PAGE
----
18 April 2018
In the recent case of United Voice v Berkeley Challenge Pty Ltd,1 the Federal Court found that a contracting business was not exempt from the redundancy pay obligations under the National Employment Standards (“NES”) in the Fair Work Act 2009 (Cth) (“FW Act”).
- The NES provides redundancy pay entitlements, but these are stated not to apply in circumstances where the employee’s employment is terminated due to the “ordinary and customary turnover of labour”.
- In this case, the employer, Berkeley Challenge Pty Ltd (“Berkeley”), a part of the Spotless Group, conducted a contracting business that provided various services to its client, including cleaning and security services.
- In 2014, Berkeley lost a contract that it had held for over 20 years with a Queensland shopping centre, and as a consequence decided to terminate the employment of 21 employees.
- When the company declined to provide the affected employees with redundancy pay on the basis that the terminations were due to the “ordinary and customary turnover of labour”, the union representing the affected employees (United Voice) brought an action against Berkeley in the Federal Court seeking payment of the redundancy entitlements, among other things.
During the proceedings, Berkeley claimed that it was an “ordinary and customary” practice within the Spotless Group to terminate the employment of employees in circumstances where the employing entity had lost a major contract.
The Federal Court rejected this argument on the basis that:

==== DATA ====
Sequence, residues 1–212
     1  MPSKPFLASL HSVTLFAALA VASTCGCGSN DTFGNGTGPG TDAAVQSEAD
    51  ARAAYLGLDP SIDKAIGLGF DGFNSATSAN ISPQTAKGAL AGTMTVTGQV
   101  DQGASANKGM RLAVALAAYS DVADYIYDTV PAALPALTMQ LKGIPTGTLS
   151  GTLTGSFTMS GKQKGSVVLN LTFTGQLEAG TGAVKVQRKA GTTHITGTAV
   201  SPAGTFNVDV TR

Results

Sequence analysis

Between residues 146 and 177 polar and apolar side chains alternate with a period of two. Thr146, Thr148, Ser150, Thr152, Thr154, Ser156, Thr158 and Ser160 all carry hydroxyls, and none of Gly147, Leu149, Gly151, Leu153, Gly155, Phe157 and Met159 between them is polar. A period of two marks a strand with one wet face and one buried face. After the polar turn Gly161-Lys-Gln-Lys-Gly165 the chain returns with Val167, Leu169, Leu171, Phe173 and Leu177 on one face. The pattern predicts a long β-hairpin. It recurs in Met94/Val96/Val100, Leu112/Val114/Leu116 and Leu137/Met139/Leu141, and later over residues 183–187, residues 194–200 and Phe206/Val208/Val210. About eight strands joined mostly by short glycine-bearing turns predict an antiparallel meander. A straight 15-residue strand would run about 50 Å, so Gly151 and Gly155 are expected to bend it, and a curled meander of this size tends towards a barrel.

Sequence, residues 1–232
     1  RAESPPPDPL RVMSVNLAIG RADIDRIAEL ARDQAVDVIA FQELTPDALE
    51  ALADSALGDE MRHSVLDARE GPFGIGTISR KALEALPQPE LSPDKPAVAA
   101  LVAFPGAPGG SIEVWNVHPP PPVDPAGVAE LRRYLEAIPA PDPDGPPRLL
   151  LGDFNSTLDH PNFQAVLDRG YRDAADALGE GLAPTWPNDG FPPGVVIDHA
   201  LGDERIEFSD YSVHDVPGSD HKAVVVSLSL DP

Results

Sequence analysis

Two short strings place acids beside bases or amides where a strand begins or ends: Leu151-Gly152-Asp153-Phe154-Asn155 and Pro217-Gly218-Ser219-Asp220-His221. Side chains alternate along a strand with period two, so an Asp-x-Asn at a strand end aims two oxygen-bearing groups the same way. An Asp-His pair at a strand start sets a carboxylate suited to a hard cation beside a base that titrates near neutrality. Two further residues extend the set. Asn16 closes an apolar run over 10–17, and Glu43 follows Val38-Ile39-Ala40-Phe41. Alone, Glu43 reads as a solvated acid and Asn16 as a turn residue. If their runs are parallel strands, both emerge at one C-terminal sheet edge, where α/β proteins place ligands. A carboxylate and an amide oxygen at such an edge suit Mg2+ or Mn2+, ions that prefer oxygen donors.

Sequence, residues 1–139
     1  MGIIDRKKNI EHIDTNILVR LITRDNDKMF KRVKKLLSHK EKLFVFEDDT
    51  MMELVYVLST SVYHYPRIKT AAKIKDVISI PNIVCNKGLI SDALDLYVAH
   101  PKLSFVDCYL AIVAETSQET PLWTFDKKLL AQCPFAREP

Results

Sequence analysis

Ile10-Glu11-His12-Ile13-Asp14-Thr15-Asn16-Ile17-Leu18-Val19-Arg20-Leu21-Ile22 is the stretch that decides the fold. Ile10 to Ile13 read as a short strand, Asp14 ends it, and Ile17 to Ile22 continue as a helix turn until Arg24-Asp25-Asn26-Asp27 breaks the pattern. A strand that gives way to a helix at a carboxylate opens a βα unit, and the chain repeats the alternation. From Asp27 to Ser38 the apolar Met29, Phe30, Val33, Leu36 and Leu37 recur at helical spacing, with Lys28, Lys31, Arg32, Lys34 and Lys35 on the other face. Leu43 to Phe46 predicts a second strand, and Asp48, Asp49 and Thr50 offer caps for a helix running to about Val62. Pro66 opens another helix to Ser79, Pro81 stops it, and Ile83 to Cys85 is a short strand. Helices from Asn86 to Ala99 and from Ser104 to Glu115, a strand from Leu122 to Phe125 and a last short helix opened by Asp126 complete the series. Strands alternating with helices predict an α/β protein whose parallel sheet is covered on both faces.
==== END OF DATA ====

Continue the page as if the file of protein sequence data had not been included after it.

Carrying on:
- the exception only applies in circumstances where termination of employment is “both common, or usual, and a matter of long-continued practice”;2
- in determining whether the exception applies, a Court will have regard to the established practices of the employer in question, which in this case was Berkeley, rather than the practices within the broader Spotless Group;
- while it may have been customary for other entities in the Spotless Group to dismiss employees in circumstances where the employer lost a services contract, this was not the case for Berkeley; and
- the terminations and redundancies were “uncommon and extraordinary” for Berkeley and not a matter of long-standing practice.
In coming to this conclusion, the Court considered the long-term employment of the affected employees, some of whom had worked for Berkeley for 21 years, and the 20 years that Berkeley had held this specific contract. As a result, the Court ordered that Berkeley provide the affected employees with redundancy pay in accordance with the NES.